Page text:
The only reason why I can conclude that they would do this is because they want those tax dollars now and not later when they might be paid out to a different political party.

What do I do if it makes zero sense to keep the money in my company?

So now, after the changes, I might pay myself a $100,000 bonus and pay about 40% tax on that, so they get an extra 26% right this second (I don't have to pay the small business rate if I pay it out to myself, so 40% - 14% = 26%). For a year or two, this is fine, because I would just put it into my RRSP and get a big tax return and the government would barely be better off anyway, until I ran out of RRSP room.

Why do I see this as a problem?

Now let’s say that the following year, the unthinkable happens and the stock market crashes like it did in 2008 and my revenue drops by 40%. Something like this would have happened to thousands of small business owners in Alberta over the last 2 years. Having some liquid assets inside of their corporations would have helped immensely.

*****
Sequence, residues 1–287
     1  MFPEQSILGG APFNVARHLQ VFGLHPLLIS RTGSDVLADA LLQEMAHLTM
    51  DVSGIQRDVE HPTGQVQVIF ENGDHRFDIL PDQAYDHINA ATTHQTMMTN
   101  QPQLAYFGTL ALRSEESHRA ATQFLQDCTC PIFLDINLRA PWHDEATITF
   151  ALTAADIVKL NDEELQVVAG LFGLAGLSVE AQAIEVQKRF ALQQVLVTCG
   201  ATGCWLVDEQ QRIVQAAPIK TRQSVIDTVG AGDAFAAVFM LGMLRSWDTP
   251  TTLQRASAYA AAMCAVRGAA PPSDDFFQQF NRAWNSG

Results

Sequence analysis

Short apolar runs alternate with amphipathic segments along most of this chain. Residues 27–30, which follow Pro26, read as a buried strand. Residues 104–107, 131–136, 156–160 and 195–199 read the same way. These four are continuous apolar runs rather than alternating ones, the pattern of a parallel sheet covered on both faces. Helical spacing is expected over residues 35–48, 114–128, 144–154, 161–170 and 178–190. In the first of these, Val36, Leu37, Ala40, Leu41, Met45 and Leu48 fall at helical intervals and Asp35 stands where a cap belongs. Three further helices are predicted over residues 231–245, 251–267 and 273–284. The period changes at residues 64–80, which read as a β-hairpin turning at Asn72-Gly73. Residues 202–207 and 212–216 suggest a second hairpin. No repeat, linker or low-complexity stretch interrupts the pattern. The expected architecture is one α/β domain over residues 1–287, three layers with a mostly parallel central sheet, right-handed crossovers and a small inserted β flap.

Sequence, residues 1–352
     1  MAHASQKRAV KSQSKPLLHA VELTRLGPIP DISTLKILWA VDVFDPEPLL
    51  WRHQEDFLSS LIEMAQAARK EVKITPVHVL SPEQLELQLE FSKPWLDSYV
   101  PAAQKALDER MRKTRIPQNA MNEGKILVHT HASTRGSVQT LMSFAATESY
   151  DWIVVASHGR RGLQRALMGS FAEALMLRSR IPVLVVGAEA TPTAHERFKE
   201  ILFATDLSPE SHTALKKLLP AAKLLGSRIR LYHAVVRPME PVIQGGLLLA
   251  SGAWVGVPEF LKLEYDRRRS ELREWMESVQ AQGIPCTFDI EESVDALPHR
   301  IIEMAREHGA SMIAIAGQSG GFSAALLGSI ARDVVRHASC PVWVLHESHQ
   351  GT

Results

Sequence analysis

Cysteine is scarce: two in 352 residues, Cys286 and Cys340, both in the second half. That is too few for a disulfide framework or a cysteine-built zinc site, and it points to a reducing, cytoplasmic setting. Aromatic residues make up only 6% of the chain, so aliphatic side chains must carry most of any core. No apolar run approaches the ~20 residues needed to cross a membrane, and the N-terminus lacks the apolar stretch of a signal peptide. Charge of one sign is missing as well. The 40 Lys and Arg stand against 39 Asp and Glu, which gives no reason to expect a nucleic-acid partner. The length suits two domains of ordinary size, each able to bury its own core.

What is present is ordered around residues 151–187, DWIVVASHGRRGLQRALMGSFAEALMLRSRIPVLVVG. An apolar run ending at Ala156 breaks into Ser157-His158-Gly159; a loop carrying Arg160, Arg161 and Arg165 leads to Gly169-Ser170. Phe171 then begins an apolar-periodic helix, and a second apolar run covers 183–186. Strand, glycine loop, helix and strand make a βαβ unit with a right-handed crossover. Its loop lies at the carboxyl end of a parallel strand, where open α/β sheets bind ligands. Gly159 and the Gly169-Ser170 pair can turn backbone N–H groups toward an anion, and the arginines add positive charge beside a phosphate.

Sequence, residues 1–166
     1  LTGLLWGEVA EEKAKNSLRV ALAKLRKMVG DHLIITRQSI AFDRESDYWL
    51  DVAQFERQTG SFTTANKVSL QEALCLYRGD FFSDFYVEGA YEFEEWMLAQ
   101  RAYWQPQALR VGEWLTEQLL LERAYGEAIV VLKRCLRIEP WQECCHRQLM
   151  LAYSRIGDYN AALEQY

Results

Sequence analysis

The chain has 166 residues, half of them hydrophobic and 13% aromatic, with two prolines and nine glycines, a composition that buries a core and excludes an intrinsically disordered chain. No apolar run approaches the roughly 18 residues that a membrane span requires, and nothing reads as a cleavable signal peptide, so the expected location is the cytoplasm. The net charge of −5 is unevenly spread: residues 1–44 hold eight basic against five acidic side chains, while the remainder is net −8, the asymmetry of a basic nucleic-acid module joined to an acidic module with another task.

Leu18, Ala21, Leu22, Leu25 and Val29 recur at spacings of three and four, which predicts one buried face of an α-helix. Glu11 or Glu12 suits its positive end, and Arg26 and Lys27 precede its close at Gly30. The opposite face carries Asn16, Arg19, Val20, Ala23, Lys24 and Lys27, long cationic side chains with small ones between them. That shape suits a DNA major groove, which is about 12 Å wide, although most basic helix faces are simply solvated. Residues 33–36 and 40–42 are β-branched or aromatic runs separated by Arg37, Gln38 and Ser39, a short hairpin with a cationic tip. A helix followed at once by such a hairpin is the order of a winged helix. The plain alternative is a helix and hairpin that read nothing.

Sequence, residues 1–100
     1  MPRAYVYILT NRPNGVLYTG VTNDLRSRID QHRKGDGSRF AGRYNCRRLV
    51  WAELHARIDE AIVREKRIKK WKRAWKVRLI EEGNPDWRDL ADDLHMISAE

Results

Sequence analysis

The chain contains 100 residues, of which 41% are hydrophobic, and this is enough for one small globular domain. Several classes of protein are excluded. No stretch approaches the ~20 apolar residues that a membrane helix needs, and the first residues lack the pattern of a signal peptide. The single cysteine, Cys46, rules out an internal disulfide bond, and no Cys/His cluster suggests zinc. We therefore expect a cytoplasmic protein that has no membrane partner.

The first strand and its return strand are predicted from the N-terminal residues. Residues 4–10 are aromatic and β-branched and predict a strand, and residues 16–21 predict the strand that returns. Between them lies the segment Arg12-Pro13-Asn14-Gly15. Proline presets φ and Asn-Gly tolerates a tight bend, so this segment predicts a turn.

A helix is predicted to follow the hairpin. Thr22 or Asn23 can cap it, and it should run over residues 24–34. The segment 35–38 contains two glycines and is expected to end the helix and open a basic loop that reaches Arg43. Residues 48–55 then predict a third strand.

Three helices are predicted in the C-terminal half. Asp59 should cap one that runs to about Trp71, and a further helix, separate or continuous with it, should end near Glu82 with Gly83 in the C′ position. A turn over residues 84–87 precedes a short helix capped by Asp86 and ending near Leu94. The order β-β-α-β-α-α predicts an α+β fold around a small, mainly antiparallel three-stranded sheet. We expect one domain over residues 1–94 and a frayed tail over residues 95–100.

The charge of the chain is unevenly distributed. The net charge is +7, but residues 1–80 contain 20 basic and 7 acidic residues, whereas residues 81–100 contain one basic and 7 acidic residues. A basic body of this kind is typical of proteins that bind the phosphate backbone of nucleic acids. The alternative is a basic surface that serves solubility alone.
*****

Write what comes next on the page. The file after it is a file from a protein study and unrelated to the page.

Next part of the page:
Now K4 Financial is making $300,000, but still has the same expenses. 3 employees at $220,000 and $50,000 worth of overhead. I am now only left with $30,000 to pay myself.

I don’t want to lay off my staff, because I have the same workload, or probably way more, because every client I have is losing their minds and so am I. I like my staff, care for them on a personal level and have spent a considerable amount of time and money training them, but I also need to survive. I didn't bust my ass for 10-years to make $30,000/year.